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Though you strive all your might you can do nothing
right; While the maids—the old song—can do nothing wrong; · Every shirt wants a button !" Every day they've cold · mutton; They're always a flurrying one, or else they're a hurry
ing one, or else they're a worrying one; Threatening to smother your dear sainted mother, or
kick your big brother; After all your fine doings, your strugglings and stew
ings-why “the house is in ruins!" Then the wine goes like winking, and they cannot help
thinking you've taken to drinking; They're perpetually rows keeping, 'cause out of the
house-keeping they're in bonnets their spouse
keeping; So when they've been meated, if with pies they're not
treated, they vow that they are cheated ! Then against Ascot Races, and all such sweet places,
they set their old faces; And they'll never leave town, nor to Broadstairs go
down, though with bile you're quite brown; For their wife they unwilling are, after cooing and
billing her, to stand a cap from a milliner-e'en a
paltry twelve shillinger; And it gives them the vapours to witness the capers of
those bowers and scrapers, the young linen drapers; Then to add to your woes, they say nobody knows how
the money all goes, but they pay through the
nose for the dear children's clothes; Though you strive and endeavour, they're so mightily
clever, that please them you'll never, till you leave them for ever-yes! the hundredth time sever
6 for ever-AND EVER ! !" Now the gentlemen sure I've no wish to disparage, But this is the way they go on after marriage.
(From the “ Comic Almanack.")
PRIULI AND JAFFIER.
Thomas OTWAY. Pri. No more! I'll hear no more! begone, and leave.
me. Jaff. Not hear me! By my sufferings but you shall : My lord, my lord ! I'm not that abject wretch You think me. Patience! where's the distance throws Me back so far, but I may boldly speak In right, tho' proud oppression will not hear me!
Pri. Have you not wrong'd me ?
Jaff. Could my nature e'er
Pri. Yes, wrong'd me. In the nicest point,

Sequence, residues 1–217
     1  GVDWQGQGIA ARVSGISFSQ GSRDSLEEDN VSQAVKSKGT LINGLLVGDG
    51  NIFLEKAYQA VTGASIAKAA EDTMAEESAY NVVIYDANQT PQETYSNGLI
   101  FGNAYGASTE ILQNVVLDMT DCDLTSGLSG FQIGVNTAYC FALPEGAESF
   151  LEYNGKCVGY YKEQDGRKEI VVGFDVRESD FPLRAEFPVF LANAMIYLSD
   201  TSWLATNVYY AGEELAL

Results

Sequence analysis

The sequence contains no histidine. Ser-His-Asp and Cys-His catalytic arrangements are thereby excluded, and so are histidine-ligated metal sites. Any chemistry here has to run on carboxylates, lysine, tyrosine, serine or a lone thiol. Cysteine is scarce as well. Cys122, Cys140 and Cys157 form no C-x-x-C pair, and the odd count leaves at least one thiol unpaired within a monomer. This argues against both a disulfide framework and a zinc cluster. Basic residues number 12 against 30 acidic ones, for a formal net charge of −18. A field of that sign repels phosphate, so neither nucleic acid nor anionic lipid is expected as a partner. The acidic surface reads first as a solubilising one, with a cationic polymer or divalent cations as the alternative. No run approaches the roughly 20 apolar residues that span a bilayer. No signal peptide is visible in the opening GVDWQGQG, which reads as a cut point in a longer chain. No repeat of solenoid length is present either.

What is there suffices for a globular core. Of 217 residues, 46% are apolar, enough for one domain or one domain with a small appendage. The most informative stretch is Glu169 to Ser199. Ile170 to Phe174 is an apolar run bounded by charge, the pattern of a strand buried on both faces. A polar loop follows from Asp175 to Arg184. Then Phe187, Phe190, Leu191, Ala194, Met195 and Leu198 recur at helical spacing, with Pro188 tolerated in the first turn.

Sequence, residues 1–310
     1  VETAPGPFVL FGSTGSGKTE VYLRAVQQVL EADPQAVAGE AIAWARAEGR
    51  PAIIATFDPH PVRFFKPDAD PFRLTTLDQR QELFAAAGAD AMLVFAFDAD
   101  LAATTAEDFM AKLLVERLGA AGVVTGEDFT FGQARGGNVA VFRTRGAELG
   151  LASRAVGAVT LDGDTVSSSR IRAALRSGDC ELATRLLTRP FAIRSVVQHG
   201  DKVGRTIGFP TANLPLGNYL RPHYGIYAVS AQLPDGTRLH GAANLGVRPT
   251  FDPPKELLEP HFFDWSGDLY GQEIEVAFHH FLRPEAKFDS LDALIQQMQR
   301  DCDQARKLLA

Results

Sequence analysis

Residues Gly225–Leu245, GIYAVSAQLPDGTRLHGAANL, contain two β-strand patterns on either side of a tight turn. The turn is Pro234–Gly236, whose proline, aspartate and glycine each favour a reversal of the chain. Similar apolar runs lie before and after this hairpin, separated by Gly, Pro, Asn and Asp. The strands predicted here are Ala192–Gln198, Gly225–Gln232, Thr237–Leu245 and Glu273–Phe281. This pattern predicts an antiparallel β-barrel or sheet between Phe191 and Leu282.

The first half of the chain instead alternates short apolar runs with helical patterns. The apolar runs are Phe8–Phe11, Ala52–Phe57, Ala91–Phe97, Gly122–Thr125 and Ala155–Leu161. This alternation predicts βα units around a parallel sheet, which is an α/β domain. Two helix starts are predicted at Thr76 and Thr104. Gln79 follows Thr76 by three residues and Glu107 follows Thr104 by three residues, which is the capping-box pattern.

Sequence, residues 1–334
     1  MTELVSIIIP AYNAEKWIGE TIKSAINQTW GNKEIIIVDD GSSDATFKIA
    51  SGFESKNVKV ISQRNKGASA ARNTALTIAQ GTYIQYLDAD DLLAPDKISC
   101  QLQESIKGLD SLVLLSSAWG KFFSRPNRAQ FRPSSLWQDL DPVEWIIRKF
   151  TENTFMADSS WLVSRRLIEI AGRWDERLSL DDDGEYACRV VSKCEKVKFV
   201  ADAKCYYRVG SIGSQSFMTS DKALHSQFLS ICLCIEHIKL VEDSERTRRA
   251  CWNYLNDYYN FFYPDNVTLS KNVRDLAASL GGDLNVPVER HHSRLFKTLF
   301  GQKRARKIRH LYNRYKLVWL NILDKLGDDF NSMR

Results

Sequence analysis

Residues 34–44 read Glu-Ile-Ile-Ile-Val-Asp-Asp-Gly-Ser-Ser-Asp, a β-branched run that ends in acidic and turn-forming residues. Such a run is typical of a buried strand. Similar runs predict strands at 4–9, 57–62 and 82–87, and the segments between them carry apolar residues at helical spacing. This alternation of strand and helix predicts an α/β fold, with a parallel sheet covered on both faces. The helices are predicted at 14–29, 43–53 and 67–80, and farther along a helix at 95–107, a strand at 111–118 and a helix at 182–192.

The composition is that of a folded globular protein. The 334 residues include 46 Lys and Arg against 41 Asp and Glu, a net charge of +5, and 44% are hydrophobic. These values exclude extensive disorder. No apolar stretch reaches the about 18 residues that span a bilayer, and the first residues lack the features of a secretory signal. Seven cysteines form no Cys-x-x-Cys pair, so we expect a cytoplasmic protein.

Jaff. Tis to me you owe her :
The affrighted Belvidera, following next,
Pri. You stole her from me, like a thief you stole her
Jaff. Half of your curse you have bestowed in vain ; Heaven hath already crown'd our faithful loves With a young boy sweet as his mother's beauty : May he live to prove more gentle than his grandsire, And happier than his father!
Pri. No more.
Jaff. Yes, all; and then-adieu for ever!
Pri. Home, and be humble ; study to retrench;
Reduce the glittering trappings of thy wife
BILL JONES: A SAILOR'S STORY.
MATTHEW GREGORY LEWIS.
“Some danger doth impend :
Ere we reach our journey's end.”
Does their sight then bode us evil ?”
And meeting with three is the devil.
And only twice before
That I ne'er might see them more.
The second time, by fire
That I did not then expire !
“ Still do I hear their screams for aid,
Which to give was past man's power ;
Since it did not break that hour !"
Brings tears into my eyes :
Three ravens, near you rise ?
Has thus possessed your head, You firmly believe that ghosts appear, And that dead men rise from their blood-stained
bier, To haunt the murderer's bed.” “ Believe it, master ? well I may!
Now mark what I relate; For Gospel-true are the words I say, When I swear, that, during three weeks and a day,
A Ghost was my own shipmate.
And the times were hard to live ;
Which crime may God forgive ! “Oh, 'twas a sad, sad thing to hear
The negroes scream and groan,
And far, far away from their own! “But soon the sailor found his part
Scarce better than the slaves'; For our captain had a tiger's heart, And he plagued his crew with such barbarous art,
We all wished us in our graves !